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May 25, 2019  |  

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An East Haven resident since 1944, Henry Grehl celebrated his 104th birthday on April 17. Photo by Nathan Hughart/The Courier

An East Haven resident since 1944, Henry Grehl celebrated his 104th birthday on April 17. (Photo by Nathan Hughart/The Courier | Buy This Photo)

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Henry Grehl celebrated his 104th birthday on April 17. He raised his sons Richard (left) and Bill (right) in East Haven. Photo by Nathan Hughart/The Courier

Henry Grehl celebrated his 104th birthday on April 17. He raised his sons Richard (left) and Bill (right) in East Haven. (Photo by Nathan Hughart/The Courier | Buy This Photo)

The Secret to a Long Life: Do Everything

Published April 17, 2019

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Henry Grehl has found the secret to a long life.

“Do everything,” Henry says.

Henry celebrated his 104th birthday on April 17, and according to his sons Richard and Bill Grehl, he has lived up to that motto.

Henry spent much of his career working with sheet metal. He manufactured, among other things, billboards that would later be covered with advertising.

“This was the day they had pieces of paper printed out and the guys would go around and glue the stuff on,” Richard says. “He was working with making the billboard itself, all the steel.”

He also worked with companies building everything from cabinets to heavy electronics.

“He always liked working with his hands,” Richard says. “That was his main thing. He kept us all busy doing whatever.”

One of the ways Henry kept them busy was by occasionally bringing his work home with him, ultimately influencing both sons to find work in technical fields. Richard, who still lives in East Haven, spent most of his career as a New Haven fireman and spent some time as a draftsman for Pratt & Whitney. Bill found a career designing firearms, earning several patents. Some of his designs are still in production.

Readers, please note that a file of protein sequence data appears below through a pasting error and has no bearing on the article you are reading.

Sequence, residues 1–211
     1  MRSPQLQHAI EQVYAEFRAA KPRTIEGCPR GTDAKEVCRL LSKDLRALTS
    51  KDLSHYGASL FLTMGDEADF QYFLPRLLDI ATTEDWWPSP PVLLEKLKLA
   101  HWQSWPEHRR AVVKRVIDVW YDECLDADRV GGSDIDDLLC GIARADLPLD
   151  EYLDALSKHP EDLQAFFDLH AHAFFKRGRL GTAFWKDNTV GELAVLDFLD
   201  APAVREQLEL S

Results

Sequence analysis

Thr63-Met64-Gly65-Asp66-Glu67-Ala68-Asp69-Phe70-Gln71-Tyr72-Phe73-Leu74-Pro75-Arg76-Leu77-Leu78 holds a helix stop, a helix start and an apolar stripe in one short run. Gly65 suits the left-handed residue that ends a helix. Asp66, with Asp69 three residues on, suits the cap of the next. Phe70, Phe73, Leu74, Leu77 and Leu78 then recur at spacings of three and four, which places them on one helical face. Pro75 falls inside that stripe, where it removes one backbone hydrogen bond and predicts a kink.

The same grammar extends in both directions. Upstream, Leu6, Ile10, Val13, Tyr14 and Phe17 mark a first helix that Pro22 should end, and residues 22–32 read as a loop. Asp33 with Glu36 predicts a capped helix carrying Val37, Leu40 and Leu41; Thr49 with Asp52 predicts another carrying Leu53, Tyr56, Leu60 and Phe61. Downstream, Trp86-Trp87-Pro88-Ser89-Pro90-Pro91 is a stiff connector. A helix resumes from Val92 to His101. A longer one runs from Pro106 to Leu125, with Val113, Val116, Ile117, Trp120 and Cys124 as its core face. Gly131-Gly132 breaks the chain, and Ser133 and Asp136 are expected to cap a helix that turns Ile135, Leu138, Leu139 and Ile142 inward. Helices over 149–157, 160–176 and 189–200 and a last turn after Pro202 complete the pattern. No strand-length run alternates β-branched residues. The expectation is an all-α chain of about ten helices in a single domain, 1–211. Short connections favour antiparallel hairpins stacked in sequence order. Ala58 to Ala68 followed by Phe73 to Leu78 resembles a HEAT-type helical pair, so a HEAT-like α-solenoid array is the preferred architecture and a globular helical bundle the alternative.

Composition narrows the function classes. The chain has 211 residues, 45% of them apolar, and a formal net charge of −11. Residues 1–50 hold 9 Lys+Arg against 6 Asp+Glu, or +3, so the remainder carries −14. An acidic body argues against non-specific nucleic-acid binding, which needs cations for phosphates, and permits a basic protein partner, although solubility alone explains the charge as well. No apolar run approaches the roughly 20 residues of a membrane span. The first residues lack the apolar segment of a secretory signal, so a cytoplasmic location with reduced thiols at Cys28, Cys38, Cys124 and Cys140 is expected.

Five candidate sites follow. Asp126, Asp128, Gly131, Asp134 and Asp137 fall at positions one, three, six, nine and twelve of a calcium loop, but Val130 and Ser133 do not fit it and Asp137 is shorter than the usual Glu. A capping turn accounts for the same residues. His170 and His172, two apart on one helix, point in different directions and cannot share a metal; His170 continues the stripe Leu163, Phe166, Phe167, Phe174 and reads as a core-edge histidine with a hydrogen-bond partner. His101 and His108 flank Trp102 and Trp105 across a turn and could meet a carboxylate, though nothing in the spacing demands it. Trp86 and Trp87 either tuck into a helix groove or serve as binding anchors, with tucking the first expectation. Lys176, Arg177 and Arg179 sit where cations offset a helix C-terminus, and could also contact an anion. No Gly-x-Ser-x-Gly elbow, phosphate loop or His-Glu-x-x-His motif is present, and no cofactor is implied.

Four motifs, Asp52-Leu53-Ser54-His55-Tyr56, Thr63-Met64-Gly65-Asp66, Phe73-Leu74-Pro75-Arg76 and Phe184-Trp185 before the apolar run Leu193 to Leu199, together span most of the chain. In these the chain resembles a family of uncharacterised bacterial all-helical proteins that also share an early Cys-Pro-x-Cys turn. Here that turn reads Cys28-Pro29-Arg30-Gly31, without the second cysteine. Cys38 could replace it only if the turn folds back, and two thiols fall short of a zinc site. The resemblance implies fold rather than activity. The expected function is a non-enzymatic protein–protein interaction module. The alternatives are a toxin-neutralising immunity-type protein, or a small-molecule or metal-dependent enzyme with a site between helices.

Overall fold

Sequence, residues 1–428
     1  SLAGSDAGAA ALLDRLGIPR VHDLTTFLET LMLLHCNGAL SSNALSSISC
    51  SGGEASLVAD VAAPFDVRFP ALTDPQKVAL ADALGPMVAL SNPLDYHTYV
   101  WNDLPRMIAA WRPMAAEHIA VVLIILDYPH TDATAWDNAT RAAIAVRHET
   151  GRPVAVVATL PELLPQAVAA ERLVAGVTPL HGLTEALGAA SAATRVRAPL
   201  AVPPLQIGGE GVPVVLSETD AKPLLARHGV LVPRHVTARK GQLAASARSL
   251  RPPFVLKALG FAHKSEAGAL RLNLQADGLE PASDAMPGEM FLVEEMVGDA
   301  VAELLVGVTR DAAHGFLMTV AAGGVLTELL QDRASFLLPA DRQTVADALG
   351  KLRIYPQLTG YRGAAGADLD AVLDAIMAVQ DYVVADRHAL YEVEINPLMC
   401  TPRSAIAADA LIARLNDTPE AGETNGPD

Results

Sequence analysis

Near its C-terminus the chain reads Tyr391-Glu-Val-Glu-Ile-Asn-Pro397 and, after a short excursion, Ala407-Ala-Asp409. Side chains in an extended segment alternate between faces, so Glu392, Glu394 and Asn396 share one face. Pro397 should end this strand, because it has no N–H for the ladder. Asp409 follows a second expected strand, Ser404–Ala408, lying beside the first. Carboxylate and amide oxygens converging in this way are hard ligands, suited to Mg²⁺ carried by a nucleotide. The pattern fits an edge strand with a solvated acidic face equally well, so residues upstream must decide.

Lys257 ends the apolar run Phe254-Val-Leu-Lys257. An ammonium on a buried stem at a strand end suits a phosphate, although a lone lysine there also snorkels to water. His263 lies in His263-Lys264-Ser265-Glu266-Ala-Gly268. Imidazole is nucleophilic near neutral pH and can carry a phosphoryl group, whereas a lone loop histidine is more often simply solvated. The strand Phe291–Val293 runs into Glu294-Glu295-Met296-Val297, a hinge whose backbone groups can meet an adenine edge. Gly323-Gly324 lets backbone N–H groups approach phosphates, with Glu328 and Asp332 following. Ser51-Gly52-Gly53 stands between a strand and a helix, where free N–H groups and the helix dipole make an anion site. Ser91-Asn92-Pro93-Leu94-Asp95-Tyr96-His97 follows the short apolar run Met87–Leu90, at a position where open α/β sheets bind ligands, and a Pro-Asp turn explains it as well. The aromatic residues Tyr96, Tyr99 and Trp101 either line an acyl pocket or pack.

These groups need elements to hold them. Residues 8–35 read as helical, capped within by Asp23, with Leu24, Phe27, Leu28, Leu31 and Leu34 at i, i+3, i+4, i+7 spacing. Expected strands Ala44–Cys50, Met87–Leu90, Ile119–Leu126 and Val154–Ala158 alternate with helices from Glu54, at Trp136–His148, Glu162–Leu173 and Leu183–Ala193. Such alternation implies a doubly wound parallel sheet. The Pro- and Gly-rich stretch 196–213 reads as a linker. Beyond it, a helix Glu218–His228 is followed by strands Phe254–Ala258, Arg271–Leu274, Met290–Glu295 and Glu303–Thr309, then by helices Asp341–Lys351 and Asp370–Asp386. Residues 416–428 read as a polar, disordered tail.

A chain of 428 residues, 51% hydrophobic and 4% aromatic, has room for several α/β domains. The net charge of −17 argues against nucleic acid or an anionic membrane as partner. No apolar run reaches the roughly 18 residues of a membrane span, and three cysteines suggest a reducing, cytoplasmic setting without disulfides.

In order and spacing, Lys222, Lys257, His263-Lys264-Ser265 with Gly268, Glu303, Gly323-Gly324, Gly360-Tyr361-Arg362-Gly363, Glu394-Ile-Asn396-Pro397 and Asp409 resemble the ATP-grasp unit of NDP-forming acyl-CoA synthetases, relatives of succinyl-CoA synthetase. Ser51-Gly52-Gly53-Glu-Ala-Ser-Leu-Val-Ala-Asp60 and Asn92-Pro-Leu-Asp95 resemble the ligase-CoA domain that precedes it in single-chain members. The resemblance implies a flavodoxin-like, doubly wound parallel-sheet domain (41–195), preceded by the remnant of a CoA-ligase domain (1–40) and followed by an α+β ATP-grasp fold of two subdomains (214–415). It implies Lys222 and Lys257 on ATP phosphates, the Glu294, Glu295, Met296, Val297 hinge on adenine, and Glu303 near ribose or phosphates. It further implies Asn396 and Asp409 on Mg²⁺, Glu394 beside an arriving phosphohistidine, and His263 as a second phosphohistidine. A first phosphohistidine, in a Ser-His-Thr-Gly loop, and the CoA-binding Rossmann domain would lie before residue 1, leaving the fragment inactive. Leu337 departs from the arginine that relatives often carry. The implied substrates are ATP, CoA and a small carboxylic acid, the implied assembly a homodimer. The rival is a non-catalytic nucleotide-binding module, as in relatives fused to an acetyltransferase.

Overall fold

Bill and Richard say that their father always loved his work, though working in a factory for much of his career caused him to lose his hearing.

“He woke up with a smile and went to bed with a smile every day,” Richard says, noting that his mom, Paulene, “was a good cook. That’s what kept him going.”

Some memories stand out. Henry built his sons a two-seater pedal car that they could ride around the neighborhood.

“It was like a station wagon. The back of it was all wood. It took like four kids to push it,” Richard says. “If you went down the hill, it was tough getting it back up.”

Henry and his family came to the United States when he was 13 years old in 1928. During the early years of his life here, he lived in New York City where his father was a building supervisor.

“His father came here by himself two years before that and saved up money to bring the rest of the family over,” Richard says.

Henry grew up in a village of Moers, Germany called Meerbeck, an important coal mining region.

“The whole area, during the war, was bombed. We have pictures,” says Richard. “His house is the only house on the street that was original.”

When family members returned to Germany in 2003 to visit, they took pictures and collected dirt for keepsakes.

“It brought back a lot of memories for him,” Richard says.

Having arrived just before the start of the Great Depression, Henry would go on to many different careers before he made it to East Haven with Paulene.

“He delivered ice, that was his first job,” Richard says. “All the apartments in New York City, he delivered ice to all different floors.”

At times, Henry was also a boat captain and an employee of his father, which turned out to be the most significant of his careers for an unanticipated reason.

“One day he asked Henry to run an elevator for him because he needed somebody and that’s where he met Paulene. He met his wife in the elevator that day,” Richard says.

Paulene happened to be moving out that day and asked Henry to bring her mail to her new place if she received any. As it happened, she did receive mail, and Henry brought it to her. The two ended up getting together and moving to East Haven in 1944 to raise their family in what, at the time, was a fresh development on the shore.

When they moved in, the ground hadn’t even been landscaped yet. The facility where Henry lives now, Whispering Pines, was initially the area elementary school.

“In 1915 when he was born, there were no hospitals. He was born right in the house where his family were living. There was no water in the house. The only heat in the house was the kitchen stove,” Richard says. “From one extreme to today. The life he lived.”

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